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About Mödlareuth

Mödlareuth wall, now part of an open-air museum
Mödlareuth wall, now part of an open-air museum
A "Modelotenreut" is mentioned in parish church records as early as 1374. The tiny (one foot wide) Tannbach stream through Mödlareuth hamlet became Bavaria's northern border in 1810, in the Napoleonic Wars era.

To the north, Reuss had been part of Thuringia since 1920; it became part of the Soviet occupation zone in 1945, splitting the village between what became West Germany and East Germany. A pass was required to cross between the two parts of town. A series of border fences were constructed after 1952, with residents close to the border forced to relocate. The wall separating the two halves of Mödlareuth was built in 1966, with the East German part of the village strictly monitored and subject to access restrictions. Americans nicknamed the town "Little Berlin"; US Vice President George HW Bush and West German defence minister Manfred Wörner visited in 1983, with Bush exclaiming "Ich bin ein Mödlareuther!" in allusion to John F. Kennedy's "Ich bin ein Berliner."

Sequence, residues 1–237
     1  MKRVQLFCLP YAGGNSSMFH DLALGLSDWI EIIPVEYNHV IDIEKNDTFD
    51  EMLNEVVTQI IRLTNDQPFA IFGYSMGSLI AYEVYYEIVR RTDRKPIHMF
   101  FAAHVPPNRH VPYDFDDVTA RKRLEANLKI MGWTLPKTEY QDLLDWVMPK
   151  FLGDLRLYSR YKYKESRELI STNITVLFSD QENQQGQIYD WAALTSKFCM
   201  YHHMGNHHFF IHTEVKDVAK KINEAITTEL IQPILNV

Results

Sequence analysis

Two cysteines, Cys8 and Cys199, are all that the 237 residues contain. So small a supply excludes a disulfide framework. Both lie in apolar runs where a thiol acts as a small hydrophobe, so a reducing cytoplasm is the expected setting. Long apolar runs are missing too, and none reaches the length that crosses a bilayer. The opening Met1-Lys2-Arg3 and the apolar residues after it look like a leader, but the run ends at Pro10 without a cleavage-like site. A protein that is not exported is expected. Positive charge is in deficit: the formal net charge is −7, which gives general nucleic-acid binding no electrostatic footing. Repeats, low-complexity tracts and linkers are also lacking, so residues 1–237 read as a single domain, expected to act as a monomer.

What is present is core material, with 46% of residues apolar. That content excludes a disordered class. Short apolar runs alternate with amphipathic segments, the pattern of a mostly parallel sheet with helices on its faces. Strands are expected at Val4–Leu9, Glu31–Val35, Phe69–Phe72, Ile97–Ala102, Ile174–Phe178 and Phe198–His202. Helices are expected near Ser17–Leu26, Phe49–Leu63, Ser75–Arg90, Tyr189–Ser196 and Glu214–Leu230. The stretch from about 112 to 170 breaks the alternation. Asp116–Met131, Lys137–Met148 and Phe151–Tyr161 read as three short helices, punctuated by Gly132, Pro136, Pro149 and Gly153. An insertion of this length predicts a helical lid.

The crossing was re-opened to pedestrian traffic in December 1989 and most of the wall was bulldozed in June 1990, with a portion retained as a memorial. An open-air museum, established in 1994, includes a portion of the original wall as well as a rebuilt barrier typical of those on the border at the time.